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France opens murder inquiry into Yasser Arafat's death

Family called for investigation after traces of poison found on his clothes

French prosecutors yesterday opened a murder investigation into the death of the veteran Palestinian leader, Yasser Arafat, who died in a military hospital near Paris in 2004.

The investigation follows a formal complaint by Mr Arafat's widow after the discovery last month by a laboratory in Switzerland of substantial traces of the deadly poison polonium-210 on the Palestinian leader's clothes.

Mr Arafat was said to have died of cirrhosis of the liver but his medical files have never been released by France. Conspiracy theories suggesting that he was murdered by Israeli intelligence or other enemies have swirled around the Middle East for the last eight years.

Samples of the clothes that he wore just before he was taken ill were sent to a laboratory in Lausanne earlier this year by the TV station Al Jazeera, with the co-operation of his widow and daughter. In early July, the laboratory, announced that it had detected significant traces of polonium-210, the substance used to poison the Russian dissident Alexander Litvinenko in London in 2006.

As a result, Mr Arafat's widow, Souha, made a formal complaint in France earlier this month. The state prosecution service in Nanterre, west of Paris, decided that there were sufficient grounds to open a criminal investigation for murder. One or more investigative magistrates will now be appointed to pursue the inquiry.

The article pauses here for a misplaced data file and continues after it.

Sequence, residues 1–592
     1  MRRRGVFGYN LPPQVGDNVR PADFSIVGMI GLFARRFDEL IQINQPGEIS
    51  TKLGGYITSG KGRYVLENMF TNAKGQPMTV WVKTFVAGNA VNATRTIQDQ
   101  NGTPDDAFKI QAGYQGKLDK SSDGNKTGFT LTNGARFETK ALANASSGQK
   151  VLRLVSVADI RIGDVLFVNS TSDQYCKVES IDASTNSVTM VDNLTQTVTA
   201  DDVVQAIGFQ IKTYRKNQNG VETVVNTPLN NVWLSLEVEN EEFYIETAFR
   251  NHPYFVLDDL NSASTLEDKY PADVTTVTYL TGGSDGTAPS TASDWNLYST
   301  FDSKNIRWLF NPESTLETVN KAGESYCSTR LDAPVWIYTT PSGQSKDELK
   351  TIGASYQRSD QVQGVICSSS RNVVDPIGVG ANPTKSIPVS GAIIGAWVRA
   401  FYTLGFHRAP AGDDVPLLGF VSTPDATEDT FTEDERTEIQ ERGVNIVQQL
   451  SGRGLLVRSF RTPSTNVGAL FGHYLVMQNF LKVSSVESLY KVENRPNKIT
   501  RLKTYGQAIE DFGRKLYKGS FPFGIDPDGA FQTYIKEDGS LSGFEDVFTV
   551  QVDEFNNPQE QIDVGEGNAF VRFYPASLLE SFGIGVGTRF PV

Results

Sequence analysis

The Palestinian authority gave permission earlier this month for Mr Arafat's body to be exhumed. Tests on his remains will be carried out by the same laboratory, the Institut de Radiophysique in Lausanne.

Mr Arafat, 75, was taken abruptly ill, with piercing pains in his lower body, in Ramallah in Palestine in November 2004. He lapsed into a coma and died several days later in the French military hospital at Percy near Paris after the then French President Jacques Chirac had offered France's medical help.

Souha Arafat and her daughter, Zahwa, have called for the findings of the Swiss laboratory to be made available to French investigators as part of a "properly constituted judicial investigation". Souha Arafat has also called on French authorities to release Mr Arafat's medical files.

There have long been Palestinian suspicions that the Israeli intelligence agency Mossad assassinated Mr Arafat. The Institut de Radiophysique in Lausanne found that a urine stain in the Palestinian leader's underwear registered 180 millibecquerels of polonium-210 – over 20 times the dose needed to kill.

Some of Mr Arfat's symptoms, such as vomiting and cirrhosis, are the same as those from poisoning by polonium-210. At the time of Mr Litvinenko's assassination in 2006, British investigators said that only a sophisticated operation by a state intelligence agency could obtain and use polonium-210 in a lethal form.

Under French law, it will be up to an investigating magistrate to decide whether firm evidence exists that Mr Arafat was murdered. If they find such evidence, they will recommend that the state prosecution service brings charges.

As leader of the militant Fatah movement, and then the Palestinian Liberation Organisation, Mr Arafat was the most visible face of Palestinian resistance for decades. He represented Palestine at the Oslo peace talks in 1993 and received a share of the Nobel Prize in 1994.